Black history is American history. It is interconnected with the contributions of Black inventors, explorers, activists, educators, entertainers, and more, and we proudly celebrate those contributions each February.
My original intention was to focus on the major impact Blacks have had on American history despite the critical race theory confusion and crusade of misguided opponents to erase our contributions as a people.
But with the release of videotapes showing the brutal and heartbreaking beating of Tyre Nichols by Memphis police — including five Black officers — my focus turned to the dark side of Black history that we know all too well.
Generations ago, we were kidnapped and abused as we crossed the ocean from Mother Africa and arrived in a land where lynchings became a dark part of history and evolved into the beatings and shootings of today. When we explore our genealogy, some of us uncover a lynching or beating in our family history, as I did.
To temper the anger and outrage, some point to laws that, though it took generations to change attitudes, have altered the course of our history. They include:
- In the 1800s, the Emancipation Proclamation paved the way for the permanent abolition of slavery in the United States, resulting in the Thirteenth Amendment, which abolished slavery in the United States.
- The Fourteenth Amendment gave citizenship to all people born in the U.S. and the Fifteenth Amendment gave Black Americans the right to vote.
- In the 1900s, the Civil Rights Act of 1957 allowed federal prosecution of anyone who tried to prevent someone from voting.
- The Civil Rights Act of 1964 prohibited discrimination based on race, color, religion, sex, or national origin.
- The Civil Rights Act of 1991 restored and strengthened laws that ban discrimination in employment.
Those changes would not have occurred without federal legislation. The changes needed to stop the killing of Black people by police include getting better police candidates and requiring better training, but what we need most is federal legislation.
1. Police Camera and Accountability Act
The Tyre Nichols beating would not have been captured without police body cameras and a street camera giving a big-picture view, which is why the Police Camera and Accountability Act passed by the U.S. House must become law.
In 2022, federal grants were given to local police departments to secure body cameras. President Joe Biden’s executive order mandated federal officers to wear body cameras, yet only seven states (Colorado, Connecticut, Illinois, Maryland, New Jersey, New Mexico, and South Carolina) mandate their use.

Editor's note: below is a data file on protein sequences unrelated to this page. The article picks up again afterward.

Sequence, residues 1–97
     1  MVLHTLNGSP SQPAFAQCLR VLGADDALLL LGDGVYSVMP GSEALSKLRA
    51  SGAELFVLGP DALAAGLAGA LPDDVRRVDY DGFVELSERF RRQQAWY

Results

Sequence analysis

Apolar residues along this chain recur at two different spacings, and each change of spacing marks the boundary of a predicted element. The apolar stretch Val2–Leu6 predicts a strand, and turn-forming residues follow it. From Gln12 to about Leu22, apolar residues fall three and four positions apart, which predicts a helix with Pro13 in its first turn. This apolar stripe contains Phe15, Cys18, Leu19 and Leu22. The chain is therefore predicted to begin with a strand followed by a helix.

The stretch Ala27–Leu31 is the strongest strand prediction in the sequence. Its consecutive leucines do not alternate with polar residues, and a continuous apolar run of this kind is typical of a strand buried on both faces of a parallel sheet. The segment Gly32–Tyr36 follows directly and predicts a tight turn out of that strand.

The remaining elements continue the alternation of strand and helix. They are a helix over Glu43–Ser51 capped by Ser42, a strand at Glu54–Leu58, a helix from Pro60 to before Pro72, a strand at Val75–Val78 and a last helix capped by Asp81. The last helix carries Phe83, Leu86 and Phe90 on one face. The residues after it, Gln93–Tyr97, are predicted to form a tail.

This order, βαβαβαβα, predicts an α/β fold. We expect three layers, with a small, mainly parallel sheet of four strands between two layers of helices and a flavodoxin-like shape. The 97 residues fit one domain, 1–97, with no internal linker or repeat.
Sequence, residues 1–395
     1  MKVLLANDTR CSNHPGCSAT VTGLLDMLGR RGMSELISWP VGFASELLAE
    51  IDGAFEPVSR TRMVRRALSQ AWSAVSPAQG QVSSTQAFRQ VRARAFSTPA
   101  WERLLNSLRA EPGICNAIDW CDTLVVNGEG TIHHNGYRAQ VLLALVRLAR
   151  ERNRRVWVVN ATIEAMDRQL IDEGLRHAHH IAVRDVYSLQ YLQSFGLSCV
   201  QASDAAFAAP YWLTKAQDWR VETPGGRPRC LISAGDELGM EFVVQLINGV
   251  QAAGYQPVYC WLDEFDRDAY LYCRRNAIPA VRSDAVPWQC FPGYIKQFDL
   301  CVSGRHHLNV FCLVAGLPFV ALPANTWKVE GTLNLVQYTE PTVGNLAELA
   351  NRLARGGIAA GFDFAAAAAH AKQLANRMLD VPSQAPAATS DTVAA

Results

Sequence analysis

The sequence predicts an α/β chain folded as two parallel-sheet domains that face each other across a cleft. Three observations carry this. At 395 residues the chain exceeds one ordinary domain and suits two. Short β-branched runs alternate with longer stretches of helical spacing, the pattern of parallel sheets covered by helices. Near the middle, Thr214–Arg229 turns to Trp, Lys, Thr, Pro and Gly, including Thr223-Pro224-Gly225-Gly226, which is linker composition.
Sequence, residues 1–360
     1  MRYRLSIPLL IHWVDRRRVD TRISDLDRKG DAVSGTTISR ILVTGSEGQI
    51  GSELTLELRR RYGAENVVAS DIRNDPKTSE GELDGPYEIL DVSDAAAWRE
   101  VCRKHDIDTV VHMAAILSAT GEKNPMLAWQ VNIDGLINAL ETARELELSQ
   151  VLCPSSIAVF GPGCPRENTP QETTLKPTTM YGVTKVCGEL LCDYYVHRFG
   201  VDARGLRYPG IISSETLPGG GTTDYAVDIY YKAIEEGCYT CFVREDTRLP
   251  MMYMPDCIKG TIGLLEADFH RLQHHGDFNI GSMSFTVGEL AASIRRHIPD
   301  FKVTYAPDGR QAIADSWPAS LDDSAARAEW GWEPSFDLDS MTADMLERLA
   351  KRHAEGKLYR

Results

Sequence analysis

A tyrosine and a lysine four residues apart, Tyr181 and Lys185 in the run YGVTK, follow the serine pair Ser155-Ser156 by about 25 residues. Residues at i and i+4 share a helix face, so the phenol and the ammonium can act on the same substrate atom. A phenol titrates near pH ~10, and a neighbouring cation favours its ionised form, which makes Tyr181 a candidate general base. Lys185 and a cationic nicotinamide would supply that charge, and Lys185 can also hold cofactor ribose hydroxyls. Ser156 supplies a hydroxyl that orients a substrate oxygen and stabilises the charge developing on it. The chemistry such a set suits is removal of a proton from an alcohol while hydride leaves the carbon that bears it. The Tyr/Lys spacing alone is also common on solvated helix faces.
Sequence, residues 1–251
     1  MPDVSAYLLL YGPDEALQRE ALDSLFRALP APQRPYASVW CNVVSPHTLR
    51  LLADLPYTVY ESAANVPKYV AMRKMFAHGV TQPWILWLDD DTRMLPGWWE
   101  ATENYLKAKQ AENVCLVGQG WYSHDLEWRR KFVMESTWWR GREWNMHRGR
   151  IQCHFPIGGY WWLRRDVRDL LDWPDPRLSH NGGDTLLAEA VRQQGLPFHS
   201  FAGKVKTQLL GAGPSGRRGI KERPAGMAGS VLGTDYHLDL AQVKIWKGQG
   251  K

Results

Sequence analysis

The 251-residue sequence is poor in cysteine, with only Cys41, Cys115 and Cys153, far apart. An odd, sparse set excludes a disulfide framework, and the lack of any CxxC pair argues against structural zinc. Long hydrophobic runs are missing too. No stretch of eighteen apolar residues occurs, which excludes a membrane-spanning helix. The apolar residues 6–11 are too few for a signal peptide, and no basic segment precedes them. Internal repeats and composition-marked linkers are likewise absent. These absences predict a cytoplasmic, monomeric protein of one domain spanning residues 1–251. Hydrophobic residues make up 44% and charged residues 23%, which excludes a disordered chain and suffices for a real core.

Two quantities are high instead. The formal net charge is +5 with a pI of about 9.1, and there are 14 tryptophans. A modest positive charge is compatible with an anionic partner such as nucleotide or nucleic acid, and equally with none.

Note: We applaud Memphis Police Chief Cerelyn “C.J.” Davis for firing the accused officers, releasing the videotape, and acknowledging Nichols’ beating as “heinous, reckless and inhumane.”
2. George Floyd Policing Act
This legislation will hold law enforcement accountable for misconduct in court, improve transparency through data collection, reform police training and policies, and restrict the use of no-knock warrants and chokeholds.
3. Replacement of Qualified Immunity
Police should be held personally accountable by laws with monetary consequences. We understand there should be protection from frivolous lawsuits against cities, counties and states that abuse taxpayers’ monies.
If our legal system is good enough for Joe Q Public, it should work for our men and women in blue. Federal legislation should abolish qualified immunity, which protects police and other government officials from individual liability in certain cases, and replace it with new legislation that holds officials accountable yet takes into consideration split-second decisions.
Across America, Black mothers and fathers continue to shed tears for their children killed at the hands of those sworn to protect them. Abolitionist Frederick Douglass, one of the illustrious African Americans we celebrate during Black History Month, said, “Power concedes nothing without a demand.”
We demand that our elected officials stop the bleeding and make needed legislative changes a reality.
Sonny Messiah Jiles is CEO of the Houston Defender Network.
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